Faster than a speeding bullet (or a high speed internet connection).
More powerful than a locomotive (or intense market competition).
Able to leap tall buildings in a single bound (or manage complex projects on a tight deadline)
It’s a bird! It’s a plane!
It’s your company superhero!
We recently had the honor and pleasure of working with a community of superheroes surging with productive energy as they fearlessly tackled daring goals.
Griffin School is in a league of its own with its dedicated and passionate faculty, staff and board members. Having worked with them over a period of time, we have watched them bravely channel their unique super powers in ways that make positive impacts on students, staff, and the community.
In our recent meeting with them, one of the most satisfying things was to hear them report on their heroic feats over the last year. Each report was deservedly followed by resounding cheers and applause.
It was a great reminder of how important recognition and appreciation are to company culture.
As a society, our default mode is to keep our noses to the grindstone, soldiering on to accomplish goal after goal. It’s easy to be so focused on the work that we forget to stop and appreciate what we have accomplished and how our co-workers have contributed to our success.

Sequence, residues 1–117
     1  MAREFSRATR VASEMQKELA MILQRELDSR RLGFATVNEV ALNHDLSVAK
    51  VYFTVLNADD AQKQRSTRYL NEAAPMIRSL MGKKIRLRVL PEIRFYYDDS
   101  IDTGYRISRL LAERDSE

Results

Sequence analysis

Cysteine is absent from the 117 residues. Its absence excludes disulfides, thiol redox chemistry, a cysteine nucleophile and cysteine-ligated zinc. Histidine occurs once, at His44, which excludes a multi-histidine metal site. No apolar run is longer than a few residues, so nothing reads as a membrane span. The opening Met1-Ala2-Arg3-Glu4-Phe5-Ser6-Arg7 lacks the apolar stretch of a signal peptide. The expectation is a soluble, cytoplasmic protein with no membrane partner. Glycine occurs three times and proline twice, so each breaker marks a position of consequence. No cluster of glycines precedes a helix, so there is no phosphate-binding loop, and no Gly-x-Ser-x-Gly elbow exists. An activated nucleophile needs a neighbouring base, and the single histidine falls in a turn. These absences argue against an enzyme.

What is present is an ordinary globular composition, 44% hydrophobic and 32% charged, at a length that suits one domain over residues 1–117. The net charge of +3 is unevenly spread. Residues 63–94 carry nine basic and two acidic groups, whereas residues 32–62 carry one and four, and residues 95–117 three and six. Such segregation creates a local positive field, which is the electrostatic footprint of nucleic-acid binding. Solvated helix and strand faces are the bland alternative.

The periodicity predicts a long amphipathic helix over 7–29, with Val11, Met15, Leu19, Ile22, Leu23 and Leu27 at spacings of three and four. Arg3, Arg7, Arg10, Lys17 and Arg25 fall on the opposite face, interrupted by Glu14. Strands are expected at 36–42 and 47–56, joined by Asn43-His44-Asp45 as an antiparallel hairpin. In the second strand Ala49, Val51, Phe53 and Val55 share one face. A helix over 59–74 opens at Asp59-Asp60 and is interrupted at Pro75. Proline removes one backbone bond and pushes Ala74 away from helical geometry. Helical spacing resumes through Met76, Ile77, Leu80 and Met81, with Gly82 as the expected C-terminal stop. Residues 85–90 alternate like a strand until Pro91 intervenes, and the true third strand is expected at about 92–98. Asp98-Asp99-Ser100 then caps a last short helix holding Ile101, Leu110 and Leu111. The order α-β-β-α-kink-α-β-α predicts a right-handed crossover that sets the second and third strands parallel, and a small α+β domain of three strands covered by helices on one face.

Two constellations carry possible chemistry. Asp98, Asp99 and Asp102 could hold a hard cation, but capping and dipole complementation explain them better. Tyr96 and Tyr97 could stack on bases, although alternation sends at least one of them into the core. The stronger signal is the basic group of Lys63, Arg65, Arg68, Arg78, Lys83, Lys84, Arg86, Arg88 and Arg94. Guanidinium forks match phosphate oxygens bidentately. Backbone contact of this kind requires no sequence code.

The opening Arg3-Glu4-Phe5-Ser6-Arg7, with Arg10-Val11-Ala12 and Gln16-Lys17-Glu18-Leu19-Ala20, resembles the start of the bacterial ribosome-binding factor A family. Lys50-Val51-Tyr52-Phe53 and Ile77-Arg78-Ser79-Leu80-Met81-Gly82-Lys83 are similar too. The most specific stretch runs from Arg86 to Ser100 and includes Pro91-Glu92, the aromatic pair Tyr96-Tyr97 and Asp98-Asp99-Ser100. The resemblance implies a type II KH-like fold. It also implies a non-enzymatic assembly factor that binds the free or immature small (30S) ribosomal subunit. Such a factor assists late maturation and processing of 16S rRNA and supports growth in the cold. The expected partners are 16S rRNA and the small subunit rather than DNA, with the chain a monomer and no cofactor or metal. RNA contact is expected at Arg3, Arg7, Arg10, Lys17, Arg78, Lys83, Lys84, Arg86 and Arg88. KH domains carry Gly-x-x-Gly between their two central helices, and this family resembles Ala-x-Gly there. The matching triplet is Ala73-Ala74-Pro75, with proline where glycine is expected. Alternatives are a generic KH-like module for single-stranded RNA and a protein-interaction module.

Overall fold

When this is neglected, however, the organization suffers because appreciation is key to keeping companies robust. Research bears this out. Here is a sampling of results from numerous studies that looked at the impact of employee recognition and appreciation.
46% of US workers chose to leave their position because they felt under appreciated. Bonusly
When employees anticipate that management will recognize their performance, they are 2.7 times more likely to be highly engaged. Quantum Workplace
37% said more appreciation would inspire them to work more and better. O.C Tanner
87% of HR professionals said that employee recognition improves interpersonal relationships in the workplace. (SHRM)
When employee appreciation and recognition are endemic to a company’s culture, it fosters:
High morale among employees.
Motivation for employees to improve their skills.
A sense of pride in one’s contributions to the company.
Enhanced collaboration and camaraderie.
A sense of belonging and commitment to the company, thus reducing turnover.
While recognition and appreciation can include things like bonuses, raises, and time off, a tight budget shouldn’t keep you from expressing appreciation. There are many free or inexpensive ways that you can show employees that they are valued.
There’s a good chance your workplace is full of superheroes. And you probably do value them. A lot. Intuitively, you know that your company’s success depends on their dedication and unique contributions.
But when was the last time you told them so?
Next week, we’ll discuss some concrete ways you can elevate recognition and appreciation into your company culture.